I met him when he was fourteen. Well, maybe he was thirteen. In any case, he looked like he was seven years old.
He was so short and thin, but there was something about his presence and the ball of hair that he carried on top of his head that made it impossible for him to go unnoticed. What impressed me the most though was not his never ending energy or the way he could permeate every corner of a room; I was hypnotised by the way he could do ballet with the precision of a surgeon.
In a room where most of us where stumbling around trying to not fall on our faces (me in particular, because you have to be brave or stupid to take formal ballet classes for the first time when you are twenty seven) Joe twirled and landed like a feather, his toes as perfect as his fingers, his whole body extending in enviable exquisiteness.
It was an arts (acting/dancing/singing) summer camp and most participants were around fifteen. Only a couple of adults like me stayed around the whole two months and it was only because I had so much fun. We did something different and daring every day and we mingled with people from the media and it was fuel to my thirsty artistic soul.
Joe used to hang out with the girls, sitting on our laps and playing with our hair. He praised all the girls. I was the sportiest gal in the group and he had the grace of making me feel like a lady. I heard a girl in the bathroom one day talking about him, asking another one “but he’s… you know… he…” to which the other girl answered with conviction “he’s NOT GAY.” I smiled in silence because I had more years in my pockets and I thought they were wrong.
I connected with Joe through the Harry Potter fandom, he touched my lighting bolt pendant like it was the Holy Grail and we talked for what seemed like hours about all the possible outcomes of the next books.
We stayed in touch through Facebook so I was able to see how he grew as a photographer. Even in high school he had a way with portraits that was amazing to see, something I always wanted but could never achieved. He could capture people’s true self, even when they didn’t know who that was.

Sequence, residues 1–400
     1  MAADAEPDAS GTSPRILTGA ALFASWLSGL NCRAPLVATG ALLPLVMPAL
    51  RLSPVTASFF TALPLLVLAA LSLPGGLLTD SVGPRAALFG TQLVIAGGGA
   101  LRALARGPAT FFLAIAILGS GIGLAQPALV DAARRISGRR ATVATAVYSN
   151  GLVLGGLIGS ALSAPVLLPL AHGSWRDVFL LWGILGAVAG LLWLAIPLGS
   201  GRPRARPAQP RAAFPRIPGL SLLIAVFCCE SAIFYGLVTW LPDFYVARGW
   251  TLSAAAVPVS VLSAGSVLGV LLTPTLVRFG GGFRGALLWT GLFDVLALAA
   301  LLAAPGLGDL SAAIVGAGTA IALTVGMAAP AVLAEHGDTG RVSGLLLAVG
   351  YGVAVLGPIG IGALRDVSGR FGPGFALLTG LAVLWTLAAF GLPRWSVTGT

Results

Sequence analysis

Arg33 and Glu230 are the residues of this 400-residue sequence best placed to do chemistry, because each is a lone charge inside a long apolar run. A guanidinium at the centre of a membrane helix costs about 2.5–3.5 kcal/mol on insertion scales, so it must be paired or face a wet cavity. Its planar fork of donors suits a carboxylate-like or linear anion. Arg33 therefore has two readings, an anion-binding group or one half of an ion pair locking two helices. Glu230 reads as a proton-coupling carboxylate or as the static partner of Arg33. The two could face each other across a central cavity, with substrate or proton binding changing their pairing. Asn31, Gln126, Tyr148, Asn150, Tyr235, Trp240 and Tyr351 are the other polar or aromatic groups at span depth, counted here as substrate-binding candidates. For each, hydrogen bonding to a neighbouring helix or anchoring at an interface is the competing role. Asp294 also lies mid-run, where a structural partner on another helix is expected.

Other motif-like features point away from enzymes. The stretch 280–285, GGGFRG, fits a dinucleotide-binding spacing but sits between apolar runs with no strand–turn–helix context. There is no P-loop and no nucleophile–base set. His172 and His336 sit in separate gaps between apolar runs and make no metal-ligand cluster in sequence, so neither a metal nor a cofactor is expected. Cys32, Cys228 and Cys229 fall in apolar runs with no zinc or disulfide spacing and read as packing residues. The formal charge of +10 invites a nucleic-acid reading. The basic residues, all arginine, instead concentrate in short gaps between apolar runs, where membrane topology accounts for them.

In his senior year he wrote a heartfelt, but straight forward status (he also had a way with words): he came out as gay. He was the only gay person in his school to do so and the response of his peers was overwhelming. What I say was all positive, but I’m sure some people must have given him a hard time.
When he was in college Harry Potter and the Deathly Hallows Part I came out and I got in touch with him to watch it. I met him in the train station. He was leaning on a light post, dressed boho styled, cool hat on his head. I don’t remember saying hi, I ran to him and hugged him and kissed him. He sang a Katy Perry song on the way and performed it as if he was on Broadway.
I was thrilled when he moved to New York to continue studies on photography at Parsons. He seemed to be having a great time and his art evolutioned, it skyrocketed in quality and creativity. In his senior year it he wrote a Facebook status accompanied with a photo of him and his mother, both wearing similar makeup. He came out as transgender. I sat back contemplating this new face. Was the sweet boy I met so many years ago still there somewhere? His ball of hair was missing, this woman had awesome hair. Her eyeliner was better than mine. I wrote her a message and she wrote back with the same sweetness as always.
She shared her new name a few weeks ago and it’s her birthday today. My gift is using it for the first time.
Happy birthday María. You are still an awesome person and I still want to hug you before saying hi. Also please point me towards whatever you are doing to your nails.